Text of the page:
Prof bonds with students through the lens

Mercyhurst College special education teacher Dr. Richard O’Dell’s photo of senior Amber Rapose.Mercyhurst College special education teacher Dr. Richard O’Dell’s photo of senior Amber Rapose.Dr. Richard O’Dell has developed a habit of attending students’ athletic events and photographing them.

He then uses the photos as a way to connect with his students.
“It makes me more involved with the students, allowing me to get closer to that student,” said O’Dell, a professor of special education.

“It allows me to see the student more as a person than someone that I dictate notes to and spits them back to me,” O’Dell said. He thinks that this closer connection with his students translates into a better learning environment in the classroom.

“I think it makes the classroom more relaxed and more collegiate. It is no longer one dimensional because our relationship goes beyond the classroom,” O’Dell said.

One of the athletes O’Dell has photographed said she agreed with O’Dell’s philosophy.

“(O’Dell) is probably one of the best professors I’ve ever had,” senior softball player Amber Rapose said.

“We know him as Dr. Dad because he cares about you as a student and as a person, and as a professor he pours his heart out to you,” Rapose said.

“It is hard to find a professor that treats you like a peer and doesn’t judge you by your title. The two letters in front of his name don’t seem to matter to him,” Rapose said.

The way O’Dell tries to get to know his athletes is very impressive to Rapose.

“He always tries to go and watch our games. The students find it cool that he takes the time out of his busy day to get to know you on and off the field,” Rapose said.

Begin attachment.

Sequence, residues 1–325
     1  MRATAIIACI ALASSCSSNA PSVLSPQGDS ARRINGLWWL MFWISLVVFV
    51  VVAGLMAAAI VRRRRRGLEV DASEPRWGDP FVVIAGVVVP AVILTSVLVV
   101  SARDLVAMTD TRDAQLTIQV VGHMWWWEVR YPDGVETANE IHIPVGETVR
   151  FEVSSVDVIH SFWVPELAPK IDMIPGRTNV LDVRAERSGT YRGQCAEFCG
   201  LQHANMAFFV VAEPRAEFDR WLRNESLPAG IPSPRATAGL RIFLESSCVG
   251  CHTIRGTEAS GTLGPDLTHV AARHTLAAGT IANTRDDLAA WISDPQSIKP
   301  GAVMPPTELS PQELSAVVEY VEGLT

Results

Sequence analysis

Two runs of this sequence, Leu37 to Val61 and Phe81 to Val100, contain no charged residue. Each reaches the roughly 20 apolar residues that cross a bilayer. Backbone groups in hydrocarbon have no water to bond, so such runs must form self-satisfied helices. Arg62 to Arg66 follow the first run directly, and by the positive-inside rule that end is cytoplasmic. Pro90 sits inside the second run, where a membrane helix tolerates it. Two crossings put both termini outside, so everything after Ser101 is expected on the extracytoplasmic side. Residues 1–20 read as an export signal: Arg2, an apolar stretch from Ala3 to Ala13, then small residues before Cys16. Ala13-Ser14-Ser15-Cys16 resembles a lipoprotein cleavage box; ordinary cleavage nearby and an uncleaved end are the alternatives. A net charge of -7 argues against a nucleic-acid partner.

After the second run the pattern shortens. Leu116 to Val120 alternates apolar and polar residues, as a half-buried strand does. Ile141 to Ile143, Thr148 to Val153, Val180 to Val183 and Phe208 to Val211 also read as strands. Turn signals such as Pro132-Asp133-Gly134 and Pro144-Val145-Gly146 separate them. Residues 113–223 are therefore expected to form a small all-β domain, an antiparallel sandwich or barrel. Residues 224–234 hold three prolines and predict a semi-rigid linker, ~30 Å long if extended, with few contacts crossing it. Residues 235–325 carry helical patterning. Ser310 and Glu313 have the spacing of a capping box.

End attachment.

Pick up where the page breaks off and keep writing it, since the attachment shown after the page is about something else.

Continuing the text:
“It is really nice to know that someone cares about you as a person too,” Rapose said.

O’Dell started photography in high school and purchased his first 35 millimeter camera while he was in the Coast Guard.

O’Dell took a photography course in college as his interest in photography grew.

Sports photography came into the picture for O’Dell when his kids began to play high school sports, as he wanted to document their achievements.

O’Dell started his sports photography at Mercyhurst for a different reason.

“It’s just a great way to get out of the office, and after a little bit it got to be a great way to connect with students,” O’Dell said.

With this hobby, O’Dell cites many instances where he has become a great deal closer to his students but also credits the size of Mercyhurst as a major factor in creating these relationships

“The college is small enough that you get to know students and really develop long-term relationships with them. Before I came here, I was a school psychologist and had 300 or so students I dealt with all the time but at Mercyhurst it is the ideal size to really develop relationships,” O’Dell said.

Despite O’Dell’s desire to have a closer relationship with his students he says that he does not advocate this type of relationship with his students to his fellow faculty. He pointws out that many faculty do make similar efforts.

“At many of the athletic events especially the hockey games you can see normally 12 professors at the games. It just helps to bring balance to the athlete’s lives to know that their professors do care about what they do,” O’Dell said.

He admits that this connection does give him much in return.

“Parents of graduates coming to visit and thank me really gives me a warm and fuzzy feeling,” O’Dell said.